OK. So what? What difference is that going to make?
Based on the recent history, the answer should be obvious: Not much!
Remember: No amount of government intervention has been able to prevent home prices from plunging to new lows — even lower than the bottom of March 2009, when homes were selling at deeply distressed prices. (See chart to left.)
Similarly, no amount of government intervention can prevent nearly every sector that touches housing and mortgages from suffering a similar fate.
“Martin’s Too Pessimistic.
Don’t Listen to Him!” Say My Critics
Harry Truman once said. “I never give them hell. I just tell the truth and they think it’s hell.”
That’s what my team and I do.
If anything, we’re optimists. We find the few companies that do have the wherewithal to survive and even benefit. And we see silver linings in this crisis that I’ll be glad to tell you more about in future issues.
Moreover, this is isn’t the first time we have given advance warnings about companies like PMI.
In our Safe Money Report of April 2005, well before the housing bubble peaked, we told our subscribers not to touch PMI Group and 24 other stocks with a ten-foot pole. Here they are:
Aames Investment, Accredited Home Lenders, Beazer Homes, Countrywide Financial, DR Horton, Fannie Mae, Freddie Mac, Fidelity National Financial, Fremont General, General Motors, Golden West Financial, H&R Block, KB Homes, MDC Holdings, MGIC Investment, New Century Financial, Novastar Financial, PHH Group, PMI Group, Pulte Homes, Radian Group, Toll Brothers, Washington Mutual, and Wells Fargo & Company.
(Want proof? Click here for the SMR issue of April 2005 and scroll down to page 10.)
Subsequently, 11 of these 25 companies filed for bankruptcy, were bailed out or bought out.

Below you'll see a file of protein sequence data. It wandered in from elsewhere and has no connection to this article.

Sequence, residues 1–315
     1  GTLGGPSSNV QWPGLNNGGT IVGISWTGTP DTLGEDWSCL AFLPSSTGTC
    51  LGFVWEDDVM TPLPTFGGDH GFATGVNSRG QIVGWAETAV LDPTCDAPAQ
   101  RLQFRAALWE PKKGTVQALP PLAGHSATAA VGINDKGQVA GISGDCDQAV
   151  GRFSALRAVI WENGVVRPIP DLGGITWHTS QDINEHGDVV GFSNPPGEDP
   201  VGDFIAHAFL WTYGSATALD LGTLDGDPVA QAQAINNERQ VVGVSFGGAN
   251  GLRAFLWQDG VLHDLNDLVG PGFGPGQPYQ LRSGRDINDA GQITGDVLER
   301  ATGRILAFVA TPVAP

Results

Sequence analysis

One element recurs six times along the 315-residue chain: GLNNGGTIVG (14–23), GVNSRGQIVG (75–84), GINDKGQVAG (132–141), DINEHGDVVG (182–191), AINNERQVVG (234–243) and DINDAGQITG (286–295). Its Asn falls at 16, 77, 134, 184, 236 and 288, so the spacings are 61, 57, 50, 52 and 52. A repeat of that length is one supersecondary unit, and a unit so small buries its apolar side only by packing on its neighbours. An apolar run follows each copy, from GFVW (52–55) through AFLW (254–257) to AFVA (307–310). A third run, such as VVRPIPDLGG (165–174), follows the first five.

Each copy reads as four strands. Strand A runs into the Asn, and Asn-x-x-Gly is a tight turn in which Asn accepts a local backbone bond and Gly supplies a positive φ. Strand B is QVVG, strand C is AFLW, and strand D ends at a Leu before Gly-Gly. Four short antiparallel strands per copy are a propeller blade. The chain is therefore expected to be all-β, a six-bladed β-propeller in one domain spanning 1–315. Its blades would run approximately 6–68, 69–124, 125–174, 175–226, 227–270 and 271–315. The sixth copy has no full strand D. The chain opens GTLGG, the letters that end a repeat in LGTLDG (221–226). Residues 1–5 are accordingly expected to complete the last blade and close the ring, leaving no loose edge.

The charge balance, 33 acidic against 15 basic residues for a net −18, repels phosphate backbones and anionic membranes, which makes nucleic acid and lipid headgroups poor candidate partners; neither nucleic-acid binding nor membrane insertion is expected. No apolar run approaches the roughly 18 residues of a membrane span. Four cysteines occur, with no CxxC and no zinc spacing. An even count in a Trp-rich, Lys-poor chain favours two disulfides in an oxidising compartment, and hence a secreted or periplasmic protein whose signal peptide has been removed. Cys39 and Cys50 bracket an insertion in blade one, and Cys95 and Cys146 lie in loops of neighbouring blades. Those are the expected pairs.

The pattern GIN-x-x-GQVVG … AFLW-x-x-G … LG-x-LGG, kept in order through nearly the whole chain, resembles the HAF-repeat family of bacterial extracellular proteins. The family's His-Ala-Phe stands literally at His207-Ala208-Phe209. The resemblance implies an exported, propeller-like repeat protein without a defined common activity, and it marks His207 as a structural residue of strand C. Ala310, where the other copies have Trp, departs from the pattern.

ALL 25 stocks plummeted, with an AVERAGE loss of 81.3%.
And even after more than two years of stock market rally, investors who bought and held these stocks are deep in the red.
(But whether they rallied or not, our advice to anyone who owns the surviving companies today is the same: Don’t touch them with a ten-foot pole!)
Later, in the financial crisis of 2008, we were the only ones who issued negative ratings and warned well ahead of time of nearly every major firm that subsequently collapsed. We warned about …
* Bear Stearns 102 days before it failed (click here for the proof)
* Lehman Brothers 182 days before (proof)
* Citigroup 110 days before (proof)
* Washington Mutual 51 days before (proof), and
* Fannie Mae 4 years before (proof).
That’s history. What counts most now is that …
It’s “Game Over” for the U.S. “Recovery”
Look. From the outset, we knew the U.S. economic recovery was rigged — bought and paid for by the greatest monetary and fiscal extravaganzas of all time.
We knew that no government, no matter how rich, can create corporate immortality: In the real world, companies are born and companies must die. I’m sure you understood that as well.
We knew that no government, no matter how autocratic, can repeal the law of gravity: When sellers are anxious to sell and buyers are reluctant to buy, prices fall. A no-brainer!
We also knew that no government, no matter how powerful, can stop the march of time: With every second that ticks by, more debts come due, more mortgages go into default, more homes are foreclosed.
And I think you knew, too. But still you ask:
“How Could This Recovery End So
Abruptly and Crumble So Dramatically?”
Answer: As we’ve been telling you all along, it was never a true recovery to begin with: